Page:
“The incipient recovery in economic activity is projected to take root and broaden among sectors, with GDP growth expected to reach 2.5 percent in 2021. Inflation is expected to remain elevated in 2021, but likely to decelerate in the second half of the year to reach about 15.5 percent, following the removal of border controls and the elimination of base effects from elevated food price levels.”
The IMF also recognised that tax revenue collections were gradually recovering but noted that with fuel subsidies resurfacing, additional spending for COVID-19 vaccines and to address security challenges, the fiscal deficit of the Consolidated Government is expected to remain elevated at 5.5 percent of GDP.
Nigeria-South Africa Trade Hits $2.9bn
The volume of trade between Nigeria and South Africa hit $2.9 billion last year with expectation of it rising further with the African Continental Free Trade Area (AfCFTA) agreement.
Nigeria’s Consul General, Malik Abdul, in a statement noted that Nigeria accounts for 64 per cent of South Africa’s trade in West Africa and is one of his country’s top three sources of crude oil.
He further added that in 2020, South Africa imported R35 billion ($2.48 billion) worth of goods, predominantly crude oil from Nigeria and exported R6 billion ($425milion) to Nigeria.
He stated: “South Africa is currently among the top 10 per cent of investors in Nigeria, globally and Nigeria is South Africa’s 10th biggest export market in Africa and thirty-second globally. Nigeria accounts for 64 per cent of South Africa’s trade with West Africa and is one of South Africa’s top three sources of crude oil.
“Also, Nigeria in 2020 was South Africa’s top import market in Africa and sixth globally, after China, Germany, USA, India and Saudi Arabia. Over the past year, South Africa imported $2.48 billion worth of goods predominantly crude oil from Nigeria and exported $425 million worth to Nigeria.”
Also, the consulate said his embassy issued a total of 10,341 passports to Nigerian citizens in South Africa between March 2020 and May 2021.
The consul general further said the Mission had 404 unclaimed passports, and advised all those whose passports were processed and pending from August 2020 to come for collection.
Abdul added that the consulate was working to clear all COVID-19 lockdown backlog of applications, urging members of the public to exercise patience while the mission was resolving the backlogs.
On the re-introduction of administrative fees and charges for lost passports, Abdul said that the step was taken to harmonise and standardise consular services following approval from the Ministry of Foreign Affairs, Abuja.
The Mission had increased the fees for lost passports from R1,500 to R2,000, and admin charges of R120 for data capturing.
“On this issue, the Mission could not unilaterally impose any charges without headquarters’ approval or consent.
“The admin fees of R120 pertains to all services rendered by the two Missions,” he said.
According to the Nigerian envoy, the decision was taken to remove disparities in all consular services, noting that visa fees have also been harmonised.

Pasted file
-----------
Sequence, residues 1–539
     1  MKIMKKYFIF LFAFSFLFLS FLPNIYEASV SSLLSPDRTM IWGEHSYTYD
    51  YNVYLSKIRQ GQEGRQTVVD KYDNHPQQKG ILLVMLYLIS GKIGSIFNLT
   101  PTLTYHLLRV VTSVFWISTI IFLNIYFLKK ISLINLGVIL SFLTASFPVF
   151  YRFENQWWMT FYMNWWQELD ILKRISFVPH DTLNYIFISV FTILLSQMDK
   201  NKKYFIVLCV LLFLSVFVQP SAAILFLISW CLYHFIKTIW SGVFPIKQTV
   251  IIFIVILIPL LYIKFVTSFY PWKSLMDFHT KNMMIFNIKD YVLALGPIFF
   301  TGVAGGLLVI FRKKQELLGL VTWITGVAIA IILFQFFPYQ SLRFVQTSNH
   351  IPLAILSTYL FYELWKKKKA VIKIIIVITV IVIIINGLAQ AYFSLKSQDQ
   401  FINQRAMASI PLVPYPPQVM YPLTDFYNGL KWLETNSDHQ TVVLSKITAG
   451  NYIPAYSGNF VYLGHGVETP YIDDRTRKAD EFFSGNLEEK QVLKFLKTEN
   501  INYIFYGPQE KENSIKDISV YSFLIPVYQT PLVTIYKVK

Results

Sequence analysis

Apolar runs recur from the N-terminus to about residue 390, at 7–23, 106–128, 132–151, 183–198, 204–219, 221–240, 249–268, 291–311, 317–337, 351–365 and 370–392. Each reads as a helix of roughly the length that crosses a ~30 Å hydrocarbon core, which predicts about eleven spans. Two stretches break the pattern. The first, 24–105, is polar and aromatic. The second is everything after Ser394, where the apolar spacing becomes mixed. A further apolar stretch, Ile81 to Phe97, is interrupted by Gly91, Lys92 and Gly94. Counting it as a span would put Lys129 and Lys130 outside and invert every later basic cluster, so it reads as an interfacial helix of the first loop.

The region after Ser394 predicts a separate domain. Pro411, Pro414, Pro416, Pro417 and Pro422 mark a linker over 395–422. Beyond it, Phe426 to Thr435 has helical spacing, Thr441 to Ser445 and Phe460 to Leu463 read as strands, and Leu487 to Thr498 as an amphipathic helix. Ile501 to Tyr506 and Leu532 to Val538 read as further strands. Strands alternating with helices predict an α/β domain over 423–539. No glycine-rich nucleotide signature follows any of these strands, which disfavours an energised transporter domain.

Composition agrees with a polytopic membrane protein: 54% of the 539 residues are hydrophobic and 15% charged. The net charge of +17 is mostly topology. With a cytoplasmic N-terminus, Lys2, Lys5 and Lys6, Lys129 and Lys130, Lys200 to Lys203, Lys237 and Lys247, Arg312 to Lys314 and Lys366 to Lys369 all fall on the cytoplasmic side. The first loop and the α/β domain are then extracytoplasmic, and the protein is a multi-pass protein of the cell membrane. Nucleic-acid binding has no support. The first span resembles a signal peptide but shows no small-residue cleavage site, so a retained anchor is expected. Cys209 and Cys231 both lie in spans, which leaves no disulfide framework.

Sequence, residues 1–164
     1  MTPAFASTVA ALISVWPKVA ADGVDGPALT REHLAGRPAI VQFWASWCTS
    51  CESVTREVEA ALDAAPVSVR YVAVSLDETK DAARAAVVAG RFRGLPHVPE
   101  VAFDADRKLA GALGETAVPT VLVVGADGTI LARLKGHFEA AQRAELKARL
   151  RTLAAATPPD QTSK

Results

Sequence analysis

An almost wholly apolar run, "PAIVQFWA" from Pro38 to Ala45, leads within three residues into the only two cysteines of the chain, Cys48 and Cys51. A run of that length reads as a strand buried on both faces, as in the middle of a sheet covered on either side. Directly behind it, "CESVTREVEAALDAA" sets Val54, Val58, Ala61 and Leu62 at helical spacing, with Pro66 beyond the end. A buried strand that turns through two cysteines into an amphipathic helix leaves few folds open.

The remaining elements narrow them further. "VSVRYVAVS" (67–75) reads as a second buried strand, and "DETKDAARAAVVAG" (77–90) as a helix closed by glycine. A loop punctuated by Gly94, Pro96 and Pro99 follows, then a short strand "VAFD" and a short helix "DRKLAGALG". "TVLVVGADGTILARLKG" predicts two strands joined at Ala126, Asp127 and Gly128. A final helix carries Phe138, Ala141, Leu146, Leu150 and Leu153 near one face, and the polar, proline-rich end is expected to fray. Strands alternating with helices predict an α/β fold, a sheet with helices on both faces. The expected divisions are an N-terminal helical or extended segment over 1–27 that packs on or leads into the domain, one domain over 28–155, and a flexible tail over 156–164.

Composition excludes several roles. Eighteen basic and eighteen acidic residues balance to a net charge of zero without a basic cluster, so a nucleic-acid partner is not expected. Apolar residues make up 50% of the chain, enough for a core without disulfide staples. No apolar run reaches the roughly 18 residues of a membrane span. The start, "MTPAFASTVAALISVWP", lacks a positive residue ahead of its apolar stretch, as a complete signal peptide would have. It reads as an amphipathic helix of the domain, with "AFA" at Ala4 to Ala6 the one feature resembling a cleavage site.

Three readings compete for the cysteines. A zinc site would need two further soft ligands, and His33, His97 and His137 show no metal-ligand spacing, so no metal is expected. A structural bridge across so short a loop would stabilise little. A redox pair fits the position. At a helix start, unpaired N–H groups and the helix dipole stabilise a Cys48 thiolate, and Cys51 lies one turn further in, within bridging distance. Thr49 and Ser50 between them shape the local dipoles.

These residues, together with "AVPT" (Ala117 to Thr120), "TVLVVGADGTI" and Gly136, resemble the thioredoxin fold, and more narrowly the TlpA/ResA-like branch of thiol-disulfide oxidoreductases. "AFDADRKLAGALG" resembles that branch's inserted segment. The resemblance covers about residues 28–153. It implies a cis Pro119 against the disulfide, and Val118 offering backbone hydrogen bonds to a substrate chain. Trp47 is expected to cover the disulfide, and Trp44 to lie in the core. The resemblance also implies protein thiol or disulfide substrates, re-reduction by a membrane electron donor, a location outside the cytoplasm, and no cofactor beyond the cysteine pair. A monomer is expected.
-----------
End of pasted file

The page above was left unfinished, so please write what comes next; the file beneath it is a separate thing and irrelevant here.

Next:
On penalty for lost passports, Abdul disclosed that 484 Nigerian passports were reported missing at the mission between August 2020 and May 2021 with request for re-issue.
Abdul said it was discovered that there were criminal undertones and immigration rules infractions associated with the ‘so-called’ lost passport declarations.
“In line with practice in other Missions, there was a need to impose fines to deter people from engaging in such infractions.
“At such an astronomical rate of loss declarations, the option will be to refer such losses to Nigeria for processing.
“This will save the booklet for genuine requests of re-issue and thereby reducing the backlog and pressure on the Mission,” the envoy said.
Abdul disclosed that the consulate had received a directive to embargo processing of lost passports pending further instructions from the headquarters.
The consul general then accused some Nigerian groups in South Africa of, “peddling lies and outright falsehoods” against the Mission and his person.
“These disgruntled elements have gone ahead to incite fellow Nigerians with intent to sabotage the Mission.
“Moreover, a lie and falsehoods often repeated amounts to a propaganda which can be misinterpreted by the gullible and undiscerning as truth,” he said.
NNPC Engages Gas Producers to Improve Power Supply
The Nigerian National Petroleum Corporation (NNPC) has started engaging gas producers across the country in an effort to boost gas supply to power generation companies (Gencos) and subsequently improve electricity supply.
Mr. Yusuf Usman, the Chief Operating Officer, Gas and Power, NNPC, disclosed this in Lagos during his tour of Egbin Power Plc facility on Monday.
Usman, who responded to concerns raised by the Chairman of Egbin Power Plc, Mr. Temitope Shonubi, said the company’s concern on gas supply and transmission restrictions had been noted, adding that the corporation would support it to ensure constant power supply.
“I have listened to all the concerns you raised. An area of concern to me is when you talked about the gas constraints. We are going to support you to make sure that the power supply is steady. We are having a session with gas suppliers in this regard.
“I am aware that works are ongoing in this regard to ensure that all the power we generate is safely evacuated,” Usman said.
Usman, however, said he was impressed by the level of progress being recorded by Egbin, noting that the effort of the company’s management to effect turnaround maintenance at the company through overhaul of the entire system, was commendable.
Usman added: “The visit has been an eye opener for me. We have seen turbines that have been running for over 40 years. We have seen efforts being made by Egbin management to effect a turnaround at the plant through overhaul of the entire system.
“We have also seen the support you have been given to the youths through employment and capacity development opportunities.”
Shonubi, in his remarks, said Egbin Power was planning to increase power generation by 1,900 megawatt.
Shonubi said: “Egbin has 1,320MW capacity. As at the time we took over, the plant was generating 300MW which is abysmal 22 per cent. As at today, our generation capacity has surged and we do 89 per cent.
“We have reached the highest peak of 970MW and we are working hard to ensure sustainability of this feat.
“The 970MW we hit is the highest recorded this year and based on our core value of sustainability, we are working round the clock to make sure that we sustain the gains, which we have made.”